Joyce Glasser reviews Jack Ryan: Shadow Recruit (January 24, 2014) Cert. 12, 105 min.
The handsome, personable, all-American Chris Pine, who rose to fame as Captain Kirk in the 2009 film reboot of Star Trek, is portraying Tom Clancy’s most bankable character, Jack Ryan.
The wonderful old Millennium feel to The Hunt for Red October, Patriot Games, Clear and Present Danger and The Sum of All Fears gives way to new threats as Jack Ryan: Shadow Recruit establishes itself in the new Millennium with the attack on World Trade Center.
Although Ryan’s cover as a Wall Street analyst promises a fresh angle on the run-of-the-mill spy thriller, Jack Ryan: Shadow Recruit runs out of steam just as it finally gets going.
Ryan, a doctoral student at London School of Economics, is fuelled with outrage and patriotic fervor after witnessing the attack on the Twin Towers. He drops out of school and joins the Marines. After a short, heroic tour of active duty, Ryan is invalided out, only to be recruited by the CIA’s Thomas Harper (Kevin Costner). His new mission, after conquering his injuries and his physical therapist, Cathy (Keira Knightley), is to go undercover on Wall Street.
As a Compliance Office he will be well placed to ferret out terrorist money laundering transactions. Like Harry Tasker in the 1994 spy comedy, True Lies, Ryan leads a double life that affects his relationship with Cathy: long on hours and short on answers.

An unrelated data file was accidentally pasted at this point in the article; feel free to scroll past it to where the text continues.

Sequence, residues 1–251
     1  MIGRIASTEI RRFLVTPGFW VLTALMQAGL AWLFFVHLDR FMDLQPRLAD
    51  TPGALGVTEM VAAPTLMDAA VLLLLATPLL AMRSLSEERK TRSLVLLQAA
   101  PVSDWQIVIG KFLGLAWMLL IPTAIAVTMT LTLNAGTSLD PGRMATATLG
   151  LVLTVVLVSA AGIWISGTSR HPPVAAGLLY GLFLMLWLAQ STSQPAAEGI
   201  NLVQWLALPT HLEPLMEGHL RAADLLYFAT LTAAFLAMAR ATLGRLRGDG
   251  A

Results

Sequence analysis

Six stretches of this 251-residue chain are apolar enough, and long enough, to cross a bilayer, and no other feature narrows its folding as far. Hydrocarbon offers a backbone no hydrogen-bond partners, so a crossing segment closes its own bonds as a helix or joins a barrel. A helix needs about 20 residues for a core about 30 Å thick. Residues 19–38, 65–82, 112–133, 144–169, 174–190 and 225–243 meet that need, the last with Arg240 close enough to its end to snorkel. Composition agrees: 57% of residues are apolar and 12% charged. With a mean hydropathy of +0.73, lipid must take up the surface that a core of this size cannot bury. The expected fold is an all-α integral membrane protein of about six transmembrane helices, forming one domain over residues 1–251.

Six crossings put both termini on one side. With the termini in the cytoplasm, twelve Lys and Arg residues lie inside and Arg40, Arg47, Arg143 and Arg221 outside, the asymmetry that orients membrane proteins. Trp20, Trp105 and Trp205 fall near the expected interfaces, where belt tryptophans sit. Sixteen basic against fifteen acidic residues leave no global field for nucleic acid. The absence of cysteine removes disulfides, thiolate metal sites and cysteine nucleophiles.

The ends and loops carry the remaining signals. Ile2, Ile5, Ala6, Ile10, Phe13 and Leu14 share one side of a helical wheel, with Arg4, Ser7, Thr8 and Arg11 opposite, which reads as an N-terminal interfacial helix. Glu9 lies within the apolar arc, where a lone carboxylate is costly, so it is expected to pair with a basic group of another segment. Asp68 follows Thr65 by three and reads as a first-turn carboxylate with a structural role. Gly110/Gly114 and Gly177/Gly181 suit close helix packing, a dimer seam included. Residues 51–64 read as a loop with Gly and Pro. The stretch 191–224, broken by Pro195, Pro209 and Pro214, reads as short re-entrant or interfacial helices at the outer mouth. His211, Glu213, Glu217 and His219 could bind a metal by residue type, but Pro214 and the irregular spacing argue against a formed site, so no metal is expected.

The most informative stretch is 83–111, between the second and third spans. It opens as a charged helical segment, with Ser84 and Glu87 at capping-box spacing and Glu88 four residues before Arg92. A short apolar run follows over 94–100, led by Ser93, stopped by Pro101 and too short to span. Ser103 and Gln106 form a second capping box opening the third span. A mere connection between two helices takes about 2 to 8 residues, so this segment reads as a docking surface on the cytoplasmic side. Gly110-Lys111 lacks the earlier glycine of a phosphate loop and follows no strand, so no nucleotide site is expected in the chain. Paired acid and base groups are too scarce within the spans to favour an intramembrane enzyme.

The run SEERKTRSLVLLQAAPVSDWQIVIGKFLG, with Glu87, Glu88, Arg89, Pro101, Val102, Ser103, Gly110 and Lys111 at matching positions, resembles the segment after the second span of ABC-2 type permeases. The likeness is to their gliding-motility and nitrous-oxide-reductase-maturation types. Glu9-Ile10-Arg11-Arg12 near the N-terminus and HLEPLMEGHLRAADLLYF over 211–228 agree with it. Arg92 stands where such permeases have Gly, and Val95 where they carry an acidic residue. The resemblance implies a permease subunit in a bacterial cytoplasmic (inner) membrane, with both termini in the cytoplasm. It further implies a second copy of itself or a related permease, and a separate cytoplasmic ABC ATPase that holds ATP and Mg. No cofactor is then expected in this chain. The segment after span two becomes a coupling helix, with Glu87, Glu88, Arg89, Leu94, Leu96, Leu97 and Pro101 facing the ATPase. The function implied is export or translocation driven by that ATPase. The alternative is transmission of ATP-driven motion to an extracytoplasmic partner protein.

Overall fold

Cathy decides to surprise her boyfriend in Moscow (as one does) where she becomes prime kidnap material, the kind that can engender the obligatory car race scene.
The build up is the best part of the film as the premise is full of potential. If Pine, who was hired to pull in the youth market, is no match for Harrison Ford, he’s convincing and likeable as the economics whiz-turned Marine-turned Wall Street analyst. What he, or at least his character, is not, is Jason Bourne or James Bond, and not only because Ryan’s initials aren’t JB.
We just don’t believe that this brainy academic can, even with a short stint in the Marines, transform himself into an action hero capable of single-handedly (if we exclude Harper) saving the world.
That said the task is made easier because as far as cinema’s psychotic villains go, Branagh’s Viktor Cherevin barely rates. Knightley, as usual, adds little but eye candy to the production and has nothing to do but flirt with a far too gullible villain and then look defiant.
Branagh did a good job directing the romantic fantasy Thor, but to succeed in the crowded spy thriller market you need tight, inventive direction, and more wit and distinguishing features than Adam Cozad could muster in his debut script, even with the help of the very talented scriptwriter David Koepp (Ghost Town, Panic Room, Indian Jones and the Kingdom of the Crystal Skull).
Jack Ryan: Shadow Recruit, is entertaining action fare for a Saturday night, but with its prestigious pedigree, we expect a more memorable experience.
You can watch the film trailer here: